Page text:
China's Dams


(June 14, 2013) Yang Yi’s surreal photo memoir of his childhood home, flooded for the construction of China’s Three Gorges Dam project, received special mention as one of New York’s Best Weekend Art Events in May when it debuted at Galerie Richard. Its run ends tomorrow, June 15.

In his photoseries “Uprooted,” Artist Yang Yi uses digitally-altered photographs of his home town the village of Kaixian in Chongqing Province, flooded for China’s massive Three Gorges Dam to relay a sense of what has been lost forever to make way for a colossal project tied to China’s positioning of itself as a new world power.

Yang conceptually immerses his hometown in water as an already almost destroyed landscape portrayed in snapshots, sparsely peopled with inhabitants distinguished by snorkels and masks as they carry on about their business like gamey ghosts in a sunken ship.

To view “Uprooted” in full, see the Galerie Paris-Beijing here. (The exhibit ran there from February 23 until April 25, 2008).

From the Galerie-Paris Beijing website:

In 2009, the Three Gorges Dam will inundate hundreds of square kilometers in three provinces of China. Born in a small town overlooking a tributary of the Yangtze River, Yang Yi will see his hometown submerged on July 24th 2009, the date of his 37th birthday.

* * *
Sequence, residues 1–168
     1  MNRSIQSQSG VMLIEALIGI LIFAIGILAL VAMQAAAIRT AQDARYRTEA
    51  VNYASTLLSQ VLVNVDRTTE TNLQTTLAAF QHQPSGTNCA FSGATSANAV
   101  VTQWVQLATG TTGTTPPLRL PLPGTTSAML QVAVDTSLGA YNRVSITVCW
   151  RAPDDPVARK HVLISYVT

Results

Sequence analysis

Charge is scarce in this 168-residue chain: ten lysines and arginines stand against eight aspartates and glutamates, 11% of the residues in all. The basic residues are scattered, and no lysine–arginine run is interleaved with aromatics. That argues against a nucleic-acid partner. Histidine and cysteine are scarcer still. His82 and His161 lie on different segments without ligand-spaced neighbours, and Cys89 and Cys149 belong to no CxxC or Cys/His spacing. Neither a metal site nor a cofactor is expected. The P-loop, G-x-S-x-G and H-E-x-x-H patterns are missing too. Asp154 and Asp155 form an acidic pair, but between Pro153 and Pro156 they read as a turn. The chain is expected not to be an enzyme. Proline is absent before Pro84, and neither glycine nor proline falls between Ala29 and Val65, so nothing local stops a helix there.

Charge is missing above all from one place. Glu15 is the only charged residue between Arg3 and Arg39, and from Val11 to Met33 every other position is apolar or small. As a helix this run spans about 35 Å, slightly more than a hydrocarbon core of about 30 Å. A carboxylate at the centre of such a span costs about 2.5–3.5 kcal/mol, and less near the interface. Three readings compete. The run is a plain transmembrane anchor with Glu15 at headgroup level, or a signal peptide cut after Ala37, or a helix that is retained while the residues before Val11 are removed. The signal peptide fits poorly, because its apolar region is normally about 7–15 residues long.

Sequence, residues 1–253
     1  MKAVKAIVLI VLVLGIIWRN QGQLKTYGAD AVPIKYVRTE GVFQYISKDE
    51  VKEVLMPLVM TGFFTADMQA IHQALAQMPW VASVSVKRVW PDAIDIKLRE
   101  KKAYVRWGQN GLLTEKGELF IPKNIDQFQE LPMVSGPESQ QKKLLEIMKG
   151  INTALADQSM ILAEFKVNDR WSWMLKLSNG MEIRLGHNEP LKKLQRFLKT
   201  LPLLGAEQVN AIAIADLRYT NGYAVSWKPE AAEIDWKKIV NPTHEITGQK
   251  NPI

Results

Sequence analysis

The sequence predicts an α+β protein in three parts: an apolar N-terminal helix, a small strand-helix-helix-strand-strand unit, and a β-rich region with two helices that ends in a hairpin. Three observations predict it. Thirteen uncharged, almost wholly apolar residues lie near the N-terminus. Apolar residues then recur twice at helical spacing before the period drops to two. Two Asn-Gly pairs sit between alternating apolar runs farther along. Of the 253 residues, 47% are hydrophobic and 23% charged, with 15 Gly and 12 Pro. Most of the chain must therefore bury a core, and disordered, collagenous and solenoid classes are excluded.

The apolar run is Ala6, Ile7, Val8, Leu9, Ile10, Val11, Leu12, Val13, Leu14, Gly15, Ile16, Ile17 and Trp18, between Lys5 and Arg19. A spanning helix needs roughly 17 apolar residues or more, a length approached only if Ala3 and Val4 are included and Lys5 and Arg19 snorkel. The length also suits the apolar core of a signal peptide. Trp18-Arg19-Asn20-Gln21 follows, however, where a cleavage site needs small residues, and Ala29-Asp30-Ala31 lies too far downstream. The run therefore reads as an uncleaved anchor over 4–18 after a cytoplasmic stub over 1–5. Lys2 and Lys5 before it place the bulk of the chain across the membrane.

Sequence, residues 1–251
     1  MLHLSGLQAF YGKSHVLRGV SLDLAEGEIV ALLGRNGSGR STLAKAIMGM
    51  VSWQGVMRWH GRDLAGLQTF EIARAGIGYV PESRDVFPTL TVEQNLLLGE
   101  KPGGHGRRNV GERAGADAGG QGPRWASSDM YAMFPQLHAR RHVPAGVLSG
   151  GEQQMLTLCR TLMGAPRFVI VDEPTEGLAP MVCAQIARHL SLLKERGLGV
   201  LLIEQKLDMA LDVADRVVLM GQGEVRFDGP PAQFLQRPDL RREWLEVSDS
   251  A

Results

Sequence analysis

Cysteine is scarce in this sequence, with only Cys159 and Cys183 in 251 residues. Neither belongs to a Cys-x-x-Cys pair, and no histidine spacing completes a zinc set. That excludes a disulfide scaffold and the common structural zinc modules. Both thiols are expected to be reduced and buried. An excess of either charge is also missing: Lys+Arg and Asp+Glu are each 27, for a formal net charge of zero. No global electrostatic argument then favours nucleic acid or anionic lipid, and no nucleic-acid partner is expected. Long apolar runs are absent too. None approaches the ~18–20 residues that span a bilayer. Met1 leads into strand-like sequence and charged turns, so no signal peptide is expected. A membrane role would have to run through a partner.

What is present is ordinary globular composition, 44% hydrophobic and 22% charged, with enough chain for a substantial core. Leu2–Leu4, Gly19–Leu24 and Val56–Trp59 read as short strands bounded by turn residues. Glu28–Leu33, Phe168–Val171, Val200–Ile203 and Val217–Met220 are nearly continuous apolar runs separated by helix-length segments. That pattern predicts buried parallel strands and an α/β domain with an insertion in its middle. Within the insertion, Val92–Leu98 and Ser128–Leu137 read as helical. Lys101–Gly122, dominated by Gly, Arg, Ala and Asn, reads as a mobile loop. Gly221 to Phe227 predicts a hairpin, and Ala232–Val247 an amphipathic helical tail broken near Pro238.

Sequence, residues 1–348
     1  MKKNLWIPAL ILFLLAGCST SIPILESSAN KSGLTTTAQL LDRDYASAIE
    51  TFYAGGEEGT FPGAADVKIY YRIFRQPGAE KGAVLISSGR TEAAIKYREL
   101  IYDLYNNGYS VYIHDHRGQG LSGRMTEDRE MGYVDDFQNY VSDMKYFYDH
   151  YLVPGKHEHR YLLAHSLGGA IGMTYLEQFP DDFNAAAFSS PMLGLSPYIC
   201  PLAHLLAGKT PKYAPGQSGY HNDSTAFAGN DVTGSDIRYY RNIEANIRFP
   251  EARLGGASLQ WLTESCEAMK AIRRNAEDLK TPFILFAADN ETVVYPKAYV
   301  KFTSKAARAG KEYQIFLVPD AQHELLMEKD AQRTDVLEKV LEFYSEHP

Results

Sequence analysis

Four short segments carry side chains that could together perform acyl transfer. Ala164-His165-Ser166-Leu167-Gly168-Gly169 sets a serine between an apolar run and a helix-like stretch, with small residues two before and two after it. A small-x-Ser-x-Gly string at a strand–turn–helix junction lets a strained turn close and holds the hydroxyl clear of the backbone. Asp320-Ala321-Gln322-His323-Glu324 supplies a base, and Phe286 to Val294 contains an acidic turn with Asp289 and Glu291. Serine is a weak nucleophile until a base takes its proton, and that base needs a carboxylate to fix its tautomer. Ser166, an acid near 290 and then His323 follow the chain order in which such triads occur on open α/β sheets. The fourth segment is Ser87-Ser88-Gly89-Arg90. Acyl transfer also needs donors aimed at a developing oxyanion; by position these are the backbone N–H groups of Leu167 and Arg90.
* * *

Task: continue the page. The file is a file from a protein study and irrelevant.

Striking and haunting him even in his dreams, this bitter assessment left him no choice: He had to capture the remaining specters of the scenery that is soon slated to disappear forever, along with his roots and childhood memories.

Employing mastery of both photography and digital techniques, Yang Yi shows us ghost towns engulfed by water, whose rare inhabitants, fitted out with masks and tubas, go about their daily occupations; they seem like wandering souls having assumed human bodies in order to restore life to their beloved village.

The strength of Yang Yi’s pictures resides in the cult of memories: Soon, bulldozers will destroy what is left, populations will be uprooted and relocated, water will flow everywhere and that small and lively village will become a quiet ruinous field. But still, it will survive forever in their collective memory.

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